This dilemma was recently debated in the prestigious New England Journal of Medicine.

Attacks on pro-life health professionals are likely to come from two sources.

One is from insurance firms which may deny pro-life doctors access to professional indemnity insurance on the commercial grounds that a doctor's refusal to refer a woman for abortion will increase the likelihood of future legal action.

Another is from medical practice boards, which will be legally obliged to investigate any complaint from an aborting mother against any doctor who refuses to refer her for an abortion.

This has happened twice in Victoria before last year's decriminalisation bill was passed.

The new legislation also puts at risk counsellors who are trying to help women to keep their babies and will not refer them for abortions.

There have already been attempts to bar agencies that do not refer for abortion from being able to offer pregnancy support for women considering abortion.

Such agencies, even though they are not funded by government, may be legally obliged under Victoria's laws to refer women for abortion or be forced to close.

Prime targets of pro-abortion ideologues are the sidewalk counsellors outside abortion clinics who seek to dissuade women from going ahead with an abortion and who offer them material support to help them continue with their pregnancy.

Abortion-providers, for their part, complain that, as a result, abortion appointments are not kept. They are aware that some women, on seeing the sidewalk counsellors, simply keep on walking without going into the clinic.

In Victoria, these counsellors have already been under attack even before the passage of last year's abortion laws.

At an East Melbourne abortion clinic, abortionists have been successful in persuading police and municipal officials to paint on the footpath in front of the clinic a line which counsellors are forbidden to cross.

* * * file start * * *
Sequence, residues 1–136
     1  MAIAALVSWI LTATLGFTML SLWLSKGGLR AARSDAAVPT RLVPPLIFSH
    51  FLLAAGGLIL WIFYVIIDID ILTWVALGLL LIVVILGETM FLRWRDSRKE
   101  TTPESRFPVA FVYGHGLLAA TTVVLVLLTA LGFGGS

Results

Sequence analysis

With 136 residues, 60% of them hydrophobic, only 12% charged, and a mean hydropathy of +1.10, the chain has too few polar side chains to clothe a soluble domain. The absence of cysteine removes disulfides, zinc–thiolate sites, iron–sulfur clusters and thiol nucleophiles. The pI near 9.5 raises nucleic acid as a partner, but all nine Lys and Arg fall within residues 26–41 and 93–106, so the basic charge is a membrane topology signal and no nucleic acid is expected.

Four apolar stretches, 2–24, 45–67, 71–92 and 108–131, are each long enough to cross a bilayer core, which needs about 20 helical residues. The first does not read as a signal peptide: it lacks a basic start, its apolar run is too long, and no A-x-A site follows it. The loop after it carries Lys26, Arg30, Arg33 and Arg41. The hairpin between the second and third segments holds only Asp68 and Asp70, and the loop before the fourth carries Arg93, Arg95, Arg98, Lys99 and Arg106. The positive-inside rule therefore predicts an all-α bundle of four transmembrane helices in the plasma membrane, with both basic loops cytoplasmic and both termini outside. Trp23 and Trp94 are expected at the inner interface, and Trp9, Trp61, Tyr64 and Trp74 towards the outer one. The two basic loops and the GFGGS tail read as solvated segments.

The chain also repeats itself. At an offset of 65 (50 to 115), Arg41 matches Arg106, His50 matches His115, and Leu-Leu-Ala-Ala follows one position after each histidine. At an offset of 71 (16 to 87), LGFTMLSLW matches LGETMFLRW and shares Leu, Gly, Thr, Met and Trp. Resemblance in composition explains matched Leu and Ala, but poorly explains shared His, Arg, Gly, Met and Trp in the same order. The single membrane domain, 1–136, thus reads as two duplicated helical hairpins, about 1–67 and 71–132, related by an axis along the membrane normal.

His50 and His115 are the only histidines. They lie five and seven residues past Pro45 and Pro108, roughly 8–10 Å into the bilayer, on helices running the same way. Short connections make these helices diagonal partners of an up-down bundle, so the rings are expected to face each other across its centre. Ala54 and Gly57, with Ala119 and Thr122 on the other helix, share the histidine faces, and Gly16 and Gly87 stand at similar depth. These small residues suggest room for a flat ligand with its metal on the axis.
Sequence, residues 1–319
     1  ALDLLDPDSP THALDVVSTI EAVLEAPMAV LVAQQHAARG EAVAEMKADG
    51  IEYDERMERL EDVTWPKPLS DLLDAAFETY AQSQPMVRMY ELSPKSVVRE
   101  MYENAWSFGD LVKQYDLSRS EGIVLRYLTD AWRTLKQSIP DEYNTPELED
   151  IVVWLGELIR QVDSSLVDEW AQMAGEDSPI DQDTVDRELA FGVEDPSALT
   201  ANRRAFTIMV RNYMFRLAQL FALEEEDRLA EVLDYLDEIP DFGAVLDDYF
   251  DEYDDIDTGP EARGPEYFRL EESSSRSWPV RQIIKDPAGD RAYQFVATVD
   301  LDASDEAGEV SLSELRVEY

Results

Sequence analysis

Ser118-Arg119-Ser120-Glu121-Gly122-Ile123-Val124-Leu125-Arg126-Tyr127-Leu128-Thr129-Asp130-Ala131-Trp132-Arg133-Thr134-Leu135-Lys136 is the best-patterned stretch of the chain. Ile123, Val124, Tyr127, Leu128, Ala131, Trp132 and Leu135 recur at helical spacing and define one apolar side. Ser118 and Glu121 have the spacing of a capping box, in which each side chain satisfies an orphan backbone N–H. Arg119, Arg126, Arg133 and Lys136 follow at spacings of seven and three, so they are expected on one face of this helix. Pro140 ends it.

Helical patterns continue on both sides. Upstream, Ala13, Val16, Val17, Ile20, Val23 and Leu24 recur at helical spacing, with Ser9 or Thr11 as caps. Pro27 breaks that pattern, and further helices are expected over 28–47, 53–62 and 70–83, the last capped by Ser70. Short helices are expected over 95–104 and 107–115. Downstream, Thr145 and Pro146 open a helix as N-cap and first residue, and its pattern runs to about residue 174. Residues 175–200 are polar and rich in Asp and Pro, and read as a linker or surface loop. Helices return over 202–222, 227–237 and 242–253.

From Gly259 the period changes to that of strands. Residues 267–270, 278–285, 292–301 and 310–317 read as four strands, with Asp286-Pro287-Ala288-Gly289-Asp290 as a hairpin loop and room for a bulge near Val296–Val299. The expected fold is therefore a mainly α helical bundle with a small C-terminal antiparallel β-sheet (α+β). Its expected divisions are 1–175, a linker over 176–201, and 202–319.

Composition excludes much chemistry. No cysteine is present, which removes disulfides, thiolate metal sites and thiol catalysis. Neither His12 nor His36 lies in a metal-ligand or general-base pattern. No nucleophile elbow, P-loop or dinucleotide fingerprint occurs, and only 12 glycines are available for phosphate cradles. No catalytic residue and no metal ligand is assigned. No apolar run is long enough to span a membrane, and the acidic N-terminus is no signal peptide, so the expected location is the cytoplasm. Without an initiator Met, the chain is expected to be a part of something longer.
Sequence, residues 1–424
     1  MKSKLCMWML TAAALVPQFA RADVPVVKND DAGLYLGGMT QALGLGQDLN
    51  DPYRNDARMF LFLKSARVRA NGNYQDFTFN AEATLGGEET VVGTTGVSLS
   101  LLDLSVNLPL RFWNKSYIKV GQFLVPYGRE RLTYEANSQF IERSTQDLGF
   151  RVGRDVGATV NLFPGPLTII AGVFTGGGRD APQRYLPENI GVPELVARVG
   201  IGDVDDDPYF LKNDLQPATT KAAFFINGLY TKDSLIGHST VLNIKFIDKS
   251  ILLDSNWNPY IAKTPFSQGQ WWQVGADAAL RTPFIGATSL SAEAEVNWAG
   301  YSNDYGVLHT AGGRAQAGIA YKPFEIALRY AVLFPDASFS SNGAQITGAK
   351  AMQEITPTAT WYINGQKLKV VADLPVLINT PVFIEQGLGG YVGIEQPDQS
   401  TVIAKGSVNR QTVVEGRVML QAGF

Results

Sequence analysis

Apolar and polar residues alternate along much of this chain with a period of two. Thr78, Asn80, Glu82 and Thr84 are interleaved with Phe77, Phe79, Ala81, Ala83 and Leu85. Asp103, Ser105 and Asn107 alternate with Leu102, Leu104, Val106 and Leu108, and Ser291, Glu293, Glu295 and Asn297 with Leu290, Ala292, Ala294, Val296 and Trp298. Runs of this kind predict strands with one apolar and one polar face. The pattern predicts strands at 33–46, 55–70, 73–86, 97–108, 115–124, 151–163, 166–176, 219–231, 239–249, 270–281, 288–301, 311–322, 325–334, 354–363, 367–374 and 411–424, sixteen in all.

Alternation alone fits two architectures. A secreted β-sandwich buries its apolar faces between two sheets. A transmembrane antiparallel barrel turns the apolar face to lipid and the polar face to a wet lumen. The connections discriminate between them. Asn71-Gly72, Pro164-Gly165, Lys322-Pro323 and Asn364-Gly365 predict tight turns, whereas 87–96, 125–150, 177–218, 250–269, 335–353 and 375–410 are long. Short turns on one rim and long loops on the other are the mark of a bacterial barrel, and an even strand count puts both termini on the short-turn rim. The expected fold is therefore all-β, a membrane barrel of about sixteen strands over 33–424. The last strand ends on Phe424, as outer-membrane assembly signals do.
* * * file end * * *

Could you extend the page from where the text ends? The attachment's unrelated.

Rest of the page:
This painted line has no legal standing but the intention is clear.

Pro-abortion ideologues would be happy to extend this "bubble zone" to stop the sidewalk counsellors from being anywhere near women going into the clinic to kill their babies.

Such ideologues, not satisfied with all they have achieved to date, are doubtless looking for some pretext to ban sidewalk counsellors and pregnancy support agencies and further undermine pro-life health professionals. Once they have done this, the number of abortions is bound to increase.

Those who support the sanctity of human life and want sidewalk counsellors to be able to continue operating outside abortion clinics must ensure that no incidents occur in the vicinity of abortion clinics that could result in counsellors being stripped of what few freedoms they still have.

Roundly condemned

Pro-abortion ideologues have made much of the murder by shooting in July 2001 of a security guard inside the East Melbourne abortion clinic, even though this crime has been roundly condemned by all Victorian pro-life groups.

However, there is a risk that even non-violent confrontations in the vicinity of abortion clinics could provoke the enactment of further laws restricting the freedoms of sidewalk counsellors.

- David Perrin is the national president of the Australian Family Association and a former Victorian MP.